We do not agree with this reasoning. The officers knew of no particular crime in which the guns might have been used, and they did not have probable cause for believing them to have been stolen merely from the fact that some exchange of articles, perhaps for money, had been made. Besides, the deputy sheriff testified that the purpose of opening the trunk was to see if the guns which were there were loaded weapons. Nor does the false statement that there were no guns in the car, as made by appellant, supply sufficient probable cause, apart from the statutes which are to be discussed under the next heading, to believe that the guns were loaded. Appellant’s denial of the presence of the guns and also his dropping of the key, although they were evasive actions, would not, we believe, justify opening of the trunk in the absence of these statutes. There is no testimony by the officer that the false statements caused them to believe [*791] that the guns were loaded. It may fairly be inferred from all of the testimony that if the appellant had responded truthfully that he had the guns and if the officers had the key, they would have opened the trunk.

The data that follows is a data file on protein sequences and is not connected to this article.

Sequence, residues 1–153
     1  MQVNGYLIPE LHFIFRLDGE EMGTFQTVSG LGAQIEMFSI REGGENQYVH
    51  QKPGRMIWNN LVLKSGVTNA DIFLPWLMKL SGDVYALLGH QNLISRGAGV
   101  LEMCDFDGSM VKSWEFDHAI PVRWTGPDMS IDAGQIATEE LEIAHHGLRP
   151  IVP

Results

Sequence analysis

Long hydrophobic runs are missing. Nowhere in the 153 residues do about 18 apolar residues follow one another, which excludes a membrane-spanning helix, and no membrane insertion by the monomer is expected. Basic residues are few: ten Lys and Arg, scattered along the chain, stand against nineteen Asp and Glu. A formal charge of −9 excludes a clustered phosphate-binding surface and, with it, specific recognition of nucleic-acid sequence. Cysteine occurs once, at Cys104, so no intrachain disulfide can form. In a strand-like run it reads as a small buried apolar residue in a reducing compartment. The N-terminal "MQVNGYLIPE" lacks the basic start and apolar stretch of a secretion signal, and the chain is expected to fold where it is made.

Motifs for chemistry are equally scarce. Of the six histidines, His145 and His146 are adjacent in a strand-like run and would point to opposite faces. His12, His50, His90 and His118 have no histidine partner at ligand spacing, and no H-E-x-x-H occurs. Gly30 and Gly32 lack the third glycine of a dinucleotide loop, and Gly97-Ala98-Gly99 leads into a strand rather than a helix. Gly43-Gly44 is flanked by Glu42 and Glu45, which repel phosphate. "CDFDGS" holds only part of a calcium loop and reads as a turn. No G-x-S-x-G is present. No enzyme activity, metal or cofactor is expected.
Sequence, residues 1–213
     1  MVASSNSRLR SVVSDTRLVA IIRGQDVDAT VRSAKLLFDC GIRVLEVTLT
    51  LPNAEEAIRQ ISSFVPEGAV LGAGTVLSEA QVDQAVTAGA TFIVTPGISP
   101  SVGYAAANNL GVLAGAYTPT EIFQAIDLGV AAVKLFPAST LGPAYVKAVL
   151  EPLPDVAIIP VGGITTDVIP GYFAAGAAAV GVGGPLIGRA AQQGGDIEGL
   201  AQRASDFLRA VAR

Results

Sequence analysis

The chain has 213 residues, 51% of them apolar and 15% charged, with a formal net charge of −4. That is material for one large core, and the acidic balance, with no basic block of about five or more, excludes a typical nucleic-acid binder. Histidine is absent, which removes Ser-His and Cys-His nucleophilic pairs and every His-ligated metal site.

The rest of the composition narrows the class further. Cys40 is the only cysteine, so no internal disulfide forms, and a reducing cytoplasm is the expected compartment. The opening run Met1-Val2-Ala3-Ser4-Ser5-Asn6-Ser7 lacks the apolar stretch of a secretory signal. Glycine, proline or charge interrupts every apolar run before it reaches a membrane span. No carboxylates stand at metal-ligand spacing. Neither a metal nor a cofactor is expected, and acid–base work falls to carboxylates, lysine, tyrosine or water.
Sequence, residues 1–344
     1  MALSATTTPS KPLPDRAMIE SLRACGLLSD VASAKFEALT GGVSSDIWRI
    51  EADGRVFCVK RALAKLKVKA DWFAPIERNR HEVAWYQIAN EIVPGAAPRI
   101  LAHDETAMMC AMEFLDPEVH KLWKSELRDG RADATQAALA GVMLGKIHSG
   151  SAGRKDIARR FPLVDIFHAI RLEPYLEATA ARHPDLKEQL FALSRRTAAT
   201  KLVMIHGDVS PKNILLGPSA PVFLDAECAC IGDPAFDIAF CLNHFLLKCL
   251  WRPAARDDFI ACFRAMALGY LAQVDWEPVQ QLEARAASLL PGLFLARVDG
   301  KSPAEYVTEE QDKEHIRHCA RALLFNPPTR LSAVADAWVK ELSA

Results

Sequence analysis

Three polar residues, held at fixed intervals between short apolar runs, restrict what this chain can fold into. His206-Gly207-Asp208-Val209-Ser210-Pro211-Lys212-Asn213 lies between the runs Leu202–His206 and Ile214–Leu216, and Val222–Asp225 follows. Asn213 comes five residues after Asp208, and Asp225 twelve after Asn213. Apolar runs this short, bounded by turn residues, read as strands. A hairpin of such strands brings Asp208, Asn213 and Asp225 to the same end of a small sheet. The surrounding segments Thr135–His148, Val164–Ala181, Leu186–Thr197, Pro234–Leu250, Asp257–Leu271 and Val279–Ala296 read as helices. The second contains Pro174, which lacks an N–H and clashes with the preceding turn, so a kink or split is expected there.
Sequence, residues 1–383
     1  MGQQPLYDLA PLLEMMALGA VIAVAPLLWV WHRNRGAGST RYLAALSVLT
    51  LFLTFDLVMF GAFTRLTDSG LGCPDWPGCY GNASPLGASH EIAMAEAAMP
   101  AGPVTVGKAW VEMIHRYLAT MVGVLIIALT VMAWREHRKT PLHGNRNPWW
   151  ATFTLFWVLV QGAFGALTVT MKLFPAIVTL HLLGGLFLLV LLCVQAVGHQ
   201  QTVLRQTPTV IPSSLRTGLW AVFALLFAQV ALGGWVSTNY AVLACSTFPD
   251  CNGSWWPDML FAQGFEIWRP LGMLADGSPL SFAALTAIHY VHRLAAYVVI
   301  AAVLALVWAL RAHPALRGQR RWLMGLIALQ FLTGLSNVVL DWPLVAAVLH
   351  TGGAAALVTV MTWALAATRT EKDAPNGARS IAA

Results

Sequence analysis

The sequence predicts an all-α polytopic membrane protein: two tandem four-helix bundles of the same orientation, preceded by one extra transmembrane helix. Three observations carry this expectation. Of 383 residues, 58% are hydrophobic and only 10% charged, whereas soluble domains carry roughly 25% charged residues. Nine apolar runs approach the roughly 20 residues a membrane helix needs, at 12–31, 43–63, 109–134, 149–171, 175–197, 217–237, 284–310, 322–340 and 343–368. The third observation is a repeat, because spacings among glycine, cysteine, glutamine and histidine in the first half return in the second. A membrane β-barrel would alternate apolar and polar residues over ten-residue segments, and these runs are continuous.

On the other hand, if the officers had the right to make the inspection permitted by sections 171e and 12031, subdivision (c), of any firearm which had been brought on the college grounds or in a vehicle in a public place, appellant would not be entitled to prevent such inspection when it was known to the officers that the guns were in the vehicle, simply by closing the trunk. This does not mean that officers are entitled to open trunks of vehicles on the grounds of state institutions simply because there may be guns therein. It means that if the statutes which are to be discussed are valid, their objectives may not be frustrated simply by depositing firearms which have been exposed to view or which are otherwise known to the officers to be present in such part of the vehicle or in such container as obscures them from view.

Constitutionality of the Inspection Statutes